## How to measure by Vernier Calipers

Many of you science students may have seen Vernier Caliper.... somthing like this...

Fig.1

The thing that we are now concerned wiyh is the two scales, so the picture stands as following...

The thing that we are now concerned wiyh is the two scales, so the picture stands as following...

Fig.2

If you are having problem download the picture and magnify it to have a clear view.

You can clearly see that it consists of two parallel scales-

1. Main Scale:- This is the upper scale in the image. This scale is similar to a ruler. Again each unit in this scale is divide into ten decimal points, that is, ten subdivisions to measure the 1/10 th points in a unit.

2. Vernier Scale or Secondary Scale:- This is obviously the most important scale as the name suggests and this is where the cleverness of Mr. Vernier lies. As the image suggests, this scale has ten divisions which is equal to 9 subdivisions of each unit in the main scale.

From the above discussions, it is clearly evident that the exact spacing between each mark in the vernier scale is exactly 0.09 units of the main scale. (As for 10 units in vernier scale, there are 0.9 units in the main one....

therefore for 1 unit in a main scale, there will be 0.9/10= 0.09 units.)

Therefore it is evident that when the 0 of vernier scale is displaced from the 0 of the main scale, then atleast one mark will be closest or perfectly match with a mark on the main scale.

Take the following image as an example:

Fig.3

Here the zero is moved to somewhere between 0.3 and 0.4 in the main scale, so the measurement is 0.3something.

Now just think about it... in its initial position, zero of vernier and zero of main was exactly matching, but the '1' in the vernier was moved away 0.09 units away from 0.0. From the Fig.2, it can be seen that the nearest mark in the main scale of the vernier mark '1' is '0.1'. Since the spacing between each mark in the vernier scale is 0.09 and of main scale is 0.1, so vernier '1' is away from main '0.1' by 0.01 units (0.1-0.09). Similarly the 2 of vernier is 0.08 units away from 0.2 of main scale and so on.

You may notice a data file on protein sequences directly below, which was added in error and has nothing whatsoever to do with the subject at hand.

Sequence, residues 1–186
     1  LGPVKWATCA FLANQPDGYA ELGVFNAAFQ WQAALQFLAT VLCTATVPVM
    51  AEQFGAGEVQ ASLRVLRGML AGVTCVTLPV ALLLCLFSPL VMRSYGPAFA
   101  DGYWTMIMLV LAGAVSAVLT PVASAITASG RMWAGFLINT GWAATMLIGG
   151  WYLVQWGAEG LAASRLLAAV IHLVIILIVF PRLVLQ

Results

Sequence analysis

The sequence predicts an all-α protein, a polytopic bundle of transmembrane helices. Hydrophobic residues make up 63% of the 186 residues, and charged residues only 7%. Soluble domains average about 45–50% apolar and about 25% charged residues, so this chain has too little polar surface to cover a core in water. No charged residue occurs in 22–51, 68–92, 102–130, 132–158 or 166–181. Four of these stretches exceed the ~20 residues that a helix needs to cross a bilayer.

You can notice that after 10 such repeatations, vernier's 10 will obviously match with 0.9 of main. This is because between each mark in the main scale, if we divide them in 10 equal divisions, then according to the figure, the space between the '0.n' th reading in the main scale and the 'n'th reading in the vernier scale will be 0.0n (where 'n' is any whole number). For example, the distance between 0.8 in the main scale and 8 in vernier scale will be 0.08.

Therefore, the space is decreasing by 0.01,

so after 10 such repeatations, the vernier mark will get back from main scale by (0.01x10=) 0.1.

Thus, at 10 it will match with (1.0-0.1=) 0.9.

Now, when the vernier scale is moved, atleast one vernier mark will match with a mark in the main scale, this is because every mark in vernier is backed from its corresponding main scale mark by 0.01 times of that vernier mark, and this continues for every number from 0 to 9. This is a bit difficult to understand. This simply means that the space between the vernier mark and its corresponding mark are 0 and all the first 9 multiples of 0.01, . So, when the vernier scale is moved, atleast one mark in vernier will cross atleast 0.01 units.

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